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" We may indeed with propriety be said to have reached almost the last stage of national humiliation. There is scarcely any thing that can wound the pride or degrade the character of an independent nation which we do not experience. "
Popular Government: Its Essence, Its Permanence and Its Perils - Page 121
by William Howard Taft - 1913 - 283 pages
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The Federalist, on the new Constitution, written in the year 1788, by Mr ...

Alexander Hamilton, James Madison, John Jay - Constitutional law - 1818 - 671 pages
...government, which have been long pointed out and regretted by the intelligent friends of the union. We may indeed, with propriety, be said to have reached...there engagements, to the performance of which we arc held by every tie respectable among men ? These are the subjects of constant and unblushing violation....
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Debates in Congress

United States. Congress, Joseph Gales, William Winston Seaton - Law - 1828
...of commercial law for herself. An eminent public writer of the clay remarked, " we may, indeed, wilh propriety, be said to have reached almost the last stage of national humiliation." The patriot was dismayed — the best hearts, whose fortitude had never been shaken during the darkest...
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The Federalist on the New Constitution

Alexander Hamilton, James Madison, John Jay - United States - 1831 - 542 pages
...government, which have been long pointed out and regretted by the intelligent friends of the union. We may indeed, with propriety, be said to have reached...which we are held by every tie respectable among men 1 These are the subjects of constant and unblushing violation. Do we owe debts to foreigners, and to...
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America and the American People

United States - 1846 - 512 pages
...humiliation. All that can wound the pride or degrade the character of a people, we have experienced. Engagements, to the performance of which we are held by every tie respectable among men, are constantly violated without shame. We have contracted debts to foreigners and to our own citizens,...
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Reports of the secretary of the treasury. To which are prefixed the reports ...

United States treasury dept - History - 1851
...Suites found themselves in precisely the same situation as the present Government.) We may, indeod, with propriety, be said to have reached almost the...last stage of national humiliation. There is scarcely anything that can wound the pride or degrade the character of an independent people, which we do not...
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The Federalist: A Collection of Essays, Written in Favor of the ..., Volume 1

Henry Barton Dawson - Constitutional law - 1863 - 615 pages
...Government, which have been long pointed out and regretted by the intelligent friends of the Union. We may indeed, with propriety, be said to have reached...last stage of National humiliation. There is scarcely anything that can wound the pride, or degrade the character of an independent nation, which we do not...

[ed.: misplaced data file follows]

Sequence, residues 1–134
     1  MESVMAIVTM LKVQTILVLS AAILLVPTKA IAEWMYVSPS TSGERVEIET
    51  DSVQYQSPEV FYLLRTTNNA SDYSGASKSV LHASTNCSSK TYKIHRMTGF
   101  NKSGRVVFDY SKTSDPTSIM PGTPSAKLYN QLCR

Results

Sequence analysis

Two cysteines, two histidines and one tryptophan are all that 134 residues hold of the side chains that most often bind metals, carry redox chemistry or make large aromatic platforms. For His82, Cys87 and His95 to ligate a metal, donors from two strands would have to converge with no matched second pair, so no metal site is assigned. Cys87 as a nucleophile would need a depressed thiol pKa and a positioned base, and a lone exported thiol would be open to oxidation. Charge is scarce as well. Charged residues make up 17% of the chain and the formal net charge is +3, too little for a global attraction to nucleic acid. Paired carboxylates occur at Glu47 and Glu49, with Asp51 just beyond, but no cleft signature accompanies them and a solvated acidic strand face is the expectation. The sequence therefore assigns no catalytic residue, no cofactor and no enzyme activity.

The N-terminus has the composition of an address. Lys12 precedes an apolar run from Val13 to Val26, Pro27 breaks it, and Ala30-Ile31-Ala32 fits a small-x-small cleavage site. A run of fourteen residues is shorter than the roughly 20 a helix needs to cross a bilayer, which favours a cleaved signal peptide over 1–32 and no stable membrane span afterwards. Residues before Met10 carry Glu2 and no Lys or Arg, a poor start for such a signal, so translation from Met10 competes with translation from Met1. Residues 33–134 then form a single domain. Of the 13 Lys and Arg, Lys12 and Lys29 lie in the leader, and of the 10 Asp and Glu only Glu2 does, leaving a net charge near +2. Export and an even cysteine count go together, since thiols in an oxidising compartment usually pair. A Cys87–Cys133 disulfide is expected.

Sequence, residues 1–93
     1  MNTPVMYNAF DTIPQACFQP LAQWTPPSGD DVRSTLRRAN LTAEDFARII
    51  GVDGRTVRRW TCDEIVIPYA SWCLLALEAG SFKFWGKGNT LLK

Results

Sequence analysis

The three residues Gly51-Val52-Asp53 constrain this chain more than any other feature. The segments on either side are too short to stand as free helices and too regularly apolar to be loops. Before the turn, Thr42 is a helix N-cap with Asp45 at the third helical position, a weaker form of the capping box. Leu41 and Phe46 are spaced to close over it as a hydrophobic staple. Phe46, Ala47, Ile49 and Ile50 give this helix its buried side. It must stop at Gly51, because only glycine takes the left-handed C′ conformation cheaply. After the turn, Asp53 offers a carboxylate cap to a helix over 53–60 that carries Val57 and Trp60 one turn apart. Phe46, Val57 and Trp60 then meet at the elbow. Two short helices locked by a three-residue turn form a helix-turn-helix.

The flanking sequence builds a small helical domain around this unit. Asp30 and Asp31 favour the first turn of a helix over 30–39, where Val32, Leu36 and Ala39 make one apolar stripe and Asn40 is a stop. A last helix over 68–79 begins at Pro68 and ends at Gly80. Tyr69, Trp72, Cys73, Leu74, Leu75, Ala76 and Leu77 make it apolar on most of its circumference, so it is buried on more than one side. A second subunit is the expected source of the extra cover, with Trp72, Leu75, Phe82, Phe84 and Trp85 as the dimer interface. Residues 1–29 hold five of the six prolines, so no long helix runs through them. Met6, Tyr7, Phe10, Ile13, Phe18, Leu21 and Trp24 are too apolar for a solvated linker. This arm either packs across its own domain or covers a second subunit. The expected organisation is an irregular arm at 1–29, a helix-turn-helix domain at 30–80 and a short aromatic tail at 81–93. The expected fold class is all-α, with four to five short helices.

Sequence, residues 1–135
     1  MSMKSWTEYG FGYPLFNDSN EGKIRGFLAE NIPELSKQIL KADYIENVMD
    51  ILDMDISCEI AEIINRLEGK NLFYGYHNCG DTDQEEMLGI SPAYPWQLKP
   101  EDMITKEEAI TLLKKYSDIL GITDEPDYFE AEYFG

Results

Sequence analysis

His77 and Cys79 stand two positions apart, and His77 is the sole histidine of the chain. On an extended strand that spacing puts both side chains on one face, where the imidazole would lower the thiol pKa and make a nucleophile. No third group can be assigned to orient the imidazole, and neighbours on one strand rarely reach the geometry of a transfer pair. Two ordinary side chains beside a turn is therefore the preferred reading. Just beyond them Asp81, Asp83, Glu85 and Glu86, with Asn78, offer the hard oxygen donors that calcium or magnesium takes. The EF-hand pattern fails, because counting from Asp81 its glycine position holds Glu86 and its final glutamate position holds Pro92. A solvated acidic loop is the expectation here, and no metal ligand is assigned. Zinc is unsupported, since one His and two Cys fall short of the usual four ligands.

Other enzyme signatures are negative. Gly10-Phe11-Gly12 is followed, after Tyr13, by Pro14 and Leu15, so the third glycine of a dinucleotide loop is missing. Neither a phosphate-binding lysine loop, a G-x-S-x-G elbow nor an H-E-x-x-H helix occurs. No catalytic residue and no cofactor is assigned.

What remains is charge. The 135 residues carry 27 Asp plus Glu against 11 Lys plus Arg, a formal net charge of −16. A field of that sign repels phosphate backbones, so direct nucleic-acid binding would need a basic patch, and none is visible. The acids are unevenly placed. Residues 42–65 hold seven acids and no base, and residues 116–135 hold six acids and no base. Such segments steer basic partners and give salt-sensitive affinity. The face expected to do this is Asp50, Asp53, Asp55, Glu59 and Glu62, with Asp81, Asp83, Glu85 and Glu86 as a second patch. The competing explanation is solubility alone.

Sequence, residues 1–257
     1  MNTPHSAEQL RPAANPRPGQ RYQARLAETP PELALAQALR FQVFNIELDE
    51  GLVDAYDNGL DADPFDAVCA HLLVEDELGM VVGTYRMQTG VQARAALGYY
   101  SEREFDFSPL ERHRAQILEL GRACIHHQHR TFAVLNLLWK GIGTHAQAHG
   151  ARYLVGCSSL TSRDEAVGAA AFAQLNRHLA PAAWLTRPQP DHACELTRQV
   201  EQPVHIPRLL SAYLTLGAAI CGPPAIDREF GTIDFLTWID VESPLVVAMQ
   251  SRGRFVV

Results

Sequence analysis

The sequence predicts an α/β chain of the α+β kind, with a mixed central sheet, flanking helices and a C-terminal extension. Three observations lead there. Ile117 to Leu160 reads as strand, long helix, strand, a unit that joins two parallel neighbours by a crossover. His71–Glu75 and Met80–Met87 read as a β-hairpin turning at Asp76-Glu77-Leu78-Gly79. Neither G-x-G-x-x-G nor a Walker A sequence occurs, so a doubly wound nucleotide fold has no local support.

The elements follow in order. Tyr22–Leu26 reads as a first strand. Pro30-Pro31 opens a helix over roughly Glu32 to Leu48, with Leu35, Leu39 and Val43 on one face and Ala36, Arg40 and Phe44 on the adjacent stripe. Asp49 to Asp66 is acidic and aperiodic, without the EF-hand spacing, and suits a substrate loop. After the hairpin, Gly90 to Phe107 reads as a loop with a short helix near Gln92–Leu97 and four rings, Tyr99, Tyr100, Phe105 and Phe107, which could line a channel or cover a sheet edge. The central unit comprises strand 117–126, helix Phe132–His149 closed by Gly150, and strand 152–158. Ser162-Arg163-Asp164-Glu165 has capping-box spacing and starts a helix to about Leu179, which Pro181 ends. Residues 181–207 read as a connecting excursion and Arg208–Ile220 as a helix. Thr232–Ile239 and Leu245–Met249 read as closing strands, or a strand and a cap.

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The Federalist: A Commentary on the Constitution of the United States

John Church Hamilton - Constitutional law - 1864 - 659 pages
...government, which have been long pointed out and regretted by the intelligent friends of the union. We may indeed, with propriety, be said to have reached...Are there engagements, to the performance of which wo are held by every tie respectable among men ? These are the subjects of constant and unblushing...
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The Fœderalist: a collection of essays, written in favor of the ..., Volume 1

Alexander Hamilton, James Madison, John Jay - Constitutional law - 1864 - 615 pages
...Government, which have been long pointed out and regretted by the intelligent friends of the Union. We may indeed, with propriety, be said to have reached...last stage of National humiliation. There is scarcely anything that can wound the pride, or degrade the character of an independent nation, which we do not...
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Federalist: a Collection of Essays, Written in Favor of the New Constitution ...

1865 - 615 pages
...Government, which have been long pointed out and regretted by the intelligent friends of the Union. We may indeed, with propriety, be said to have reached...last stage of National humiliation. There is scarcely anything that can wound the pride, or degrade the character of an independent nation, which •we do...
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The Law Magazine and Law Review: Or, Quarterly Journal of ..., Volume 16

Law - 1864
...and point, from the fifteenth and following numbers of the Federalist. This writer says : " We may be said to have reached almost the last stage of national humiliation. Our ambassadors abroad are the mere pageants of mimic sovereignty." In replying to the objectors against...
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